(CN) - The Affordable Care Act requires Maine to continue to provide Medicaid coverage to 19- and 20-year-olds from low-income families, the 1st Circuit ruled.
In 2012, Maine sought to drop Medicaid coverage for 19- and 20-year-old children in low-income families, coverage the state had provided for 20 years, to cover a budget deficit.
But the federal Department of Health and Human Services would not approve the change, because the Patient Protection and Affordable Care Act requires states accepting federal Medicaid funds to "freeze" their Medicaid eligibility standards for children until 2019.
Before the expansion of Medicaid effected by the Affordable Care Act in 2010, Medicaid did not require states to cover non-pregnant, non-disabled children ages 18 to 20 as a condition of participation in the program, but it permitted states to do so at their discretion.
Those states which chose to do so were required to provide the same mandatory benefits to children aged 18 to 20 as they provided to other children.
Maine agreed to continue providing coverage for low-income individuals aged 18 to 20 in 2009; the next year the Affordable Care Act required the state to continue doing so for another nine years in order to receive Medicaid funds.
After HHS declined to approve Maine's proposed 2012 changes to the program, the state sought court review of the decision, arguing that as it had no opportunity to restrict its eligibility standards before the ACA went into effect, the federal government's stance is unconstitutional.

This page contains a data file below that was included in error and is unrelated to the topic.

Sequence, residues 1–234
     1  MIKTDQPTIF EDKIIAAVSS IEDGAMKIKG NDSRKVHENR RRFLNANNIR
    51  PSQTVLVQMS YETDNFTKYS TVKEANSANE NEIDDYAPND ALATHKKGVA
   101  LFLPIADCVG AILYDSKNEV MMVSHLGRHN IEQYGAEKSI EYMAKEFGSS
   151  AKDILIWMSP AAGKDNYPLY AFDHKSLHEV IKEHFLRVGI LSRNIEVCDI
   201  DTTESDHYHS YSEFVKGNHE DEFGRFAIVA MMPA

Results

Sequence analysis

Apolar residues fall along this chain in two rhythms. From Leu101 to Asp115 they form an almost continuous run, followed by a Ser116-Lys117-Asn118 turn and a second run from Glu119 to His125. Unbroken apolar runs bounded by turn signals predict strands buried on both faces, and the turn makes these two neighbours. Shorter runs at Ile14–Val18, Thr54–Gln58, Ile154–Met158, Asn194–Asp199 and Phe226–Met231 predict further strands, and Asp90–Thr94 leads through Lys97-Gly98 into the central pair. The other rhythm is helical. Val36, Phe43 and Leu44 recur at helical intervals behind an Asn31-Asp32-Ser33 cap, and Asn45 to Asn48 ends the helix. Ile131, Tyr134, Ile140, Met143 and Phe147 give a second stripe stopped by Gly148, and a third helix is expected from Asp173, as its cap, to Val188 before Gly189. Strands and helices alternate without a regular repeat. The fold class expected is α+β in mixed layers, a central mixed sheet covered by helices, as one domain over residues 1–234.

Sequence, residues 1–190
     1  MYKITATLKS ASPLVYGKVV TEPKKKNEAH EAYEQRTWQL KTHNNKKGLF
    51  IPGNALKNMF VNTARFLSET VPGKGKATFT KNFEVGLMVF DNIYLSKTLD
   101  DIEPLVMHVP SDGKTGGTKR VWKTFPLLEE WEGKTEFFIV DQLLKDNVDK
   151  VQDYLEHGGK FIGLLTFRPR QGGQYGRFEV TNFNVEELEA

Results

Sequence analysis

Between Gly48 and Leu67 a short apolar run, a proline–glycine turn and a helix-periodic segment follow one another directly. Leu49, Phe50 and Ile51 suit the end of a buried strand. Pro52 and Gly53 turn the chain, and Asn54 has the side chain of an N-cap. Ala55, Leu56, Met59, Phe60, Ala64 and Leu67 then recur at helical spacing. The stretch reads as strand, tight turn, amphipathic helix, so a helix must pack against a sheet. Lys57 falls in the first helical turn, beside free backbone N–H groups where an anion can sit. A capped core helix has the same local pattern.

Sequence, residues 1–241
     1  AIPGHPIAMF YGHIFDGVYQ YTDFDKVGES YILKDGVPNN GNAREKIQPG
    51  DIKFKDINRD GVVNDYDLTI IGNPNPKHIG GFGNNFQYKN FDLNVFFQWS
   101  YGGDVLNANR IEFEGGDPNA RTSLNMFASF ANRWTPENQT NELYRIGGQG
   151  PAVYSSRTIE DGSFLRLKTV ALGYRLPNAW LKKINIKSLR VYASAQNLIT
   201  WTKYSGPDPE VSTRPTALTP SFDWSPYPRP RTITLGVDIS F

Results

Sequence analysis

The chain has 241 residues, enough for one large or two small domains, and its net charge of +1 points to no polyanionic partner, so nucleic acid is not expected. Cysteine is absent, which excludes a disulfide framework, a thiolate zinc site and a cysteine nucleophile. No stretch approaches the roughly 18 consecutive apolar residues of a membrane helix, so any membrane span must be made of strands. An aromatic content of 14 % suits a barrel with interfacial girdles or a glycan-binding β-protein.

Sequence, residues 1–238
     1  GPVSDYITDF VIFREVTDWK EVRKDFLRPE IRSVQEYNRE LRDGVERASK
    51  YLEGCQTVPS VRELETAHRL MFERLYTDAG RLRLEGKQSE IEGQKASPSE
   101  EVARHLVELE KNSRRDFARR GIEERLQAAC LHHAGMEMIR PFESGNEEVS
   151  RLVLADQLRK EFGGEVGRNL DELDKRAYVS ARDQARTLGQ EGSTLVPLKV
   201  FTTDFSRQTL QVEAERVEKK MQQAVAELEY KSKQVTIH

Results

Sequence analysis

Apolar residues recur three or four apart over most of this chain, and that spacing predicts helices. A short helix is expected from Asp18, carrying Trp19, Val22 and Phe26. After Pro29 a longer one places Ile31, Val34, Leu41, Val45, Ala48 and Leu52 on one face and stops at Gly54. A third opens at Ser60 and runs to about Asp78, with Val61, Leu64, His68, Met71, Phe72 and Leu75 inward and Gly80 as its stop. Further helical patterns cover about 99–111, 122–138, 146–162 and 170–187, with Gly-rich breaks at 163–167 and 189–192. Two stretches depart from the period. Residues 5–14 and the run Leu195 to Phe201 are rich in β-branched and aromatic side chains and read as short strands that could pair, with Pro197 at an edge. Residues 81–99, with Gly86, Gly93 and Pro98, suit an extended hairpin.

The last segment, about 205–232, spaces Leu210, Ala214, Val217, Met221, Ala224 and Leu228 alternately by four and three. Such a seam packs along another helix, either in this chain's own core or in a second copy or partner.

However, on Monday, the 1st Circuit ruled that the Affordable Care Act's provision "does not create a new program and falls comfortably within Congress's express reservation of power to 'alter' or 'amend' the terms of the Medicaid statute in its coverage of previously covered groups."
The history of the Medicaid program shows that it has gradually expanded the definition of "child" to include 18- to 20-year-olds, even when these individuals are treated as adults for other purposes. Therefore, the Affordable Care Act's requirement cannot be described as a major shift in the program, the court said.
Further, Maine cannot argue that the law is "coercive," because the state allegedly has no choice but to participate in Medicaid.
"As the Supreme Court noted long ago, an attempt to determine when 'inducement' to comply with a condition on the use of federal funds crosses the line into 'compulsion' would 'plunge the law into endless difficulties,'" Judge Sandra Lynch wrote, quoting Supreme Court precedent.
The provision does not step on state sovereignty, the court ruled, as setting conditions of eligibility for participation in Medicaid is not a core state function, such as, for example, regulating state elections.
"To the contrary, [the ACA] simply requires an extension of states' prior choices to participate in a limited federal-state cooperative program," Lynch said.
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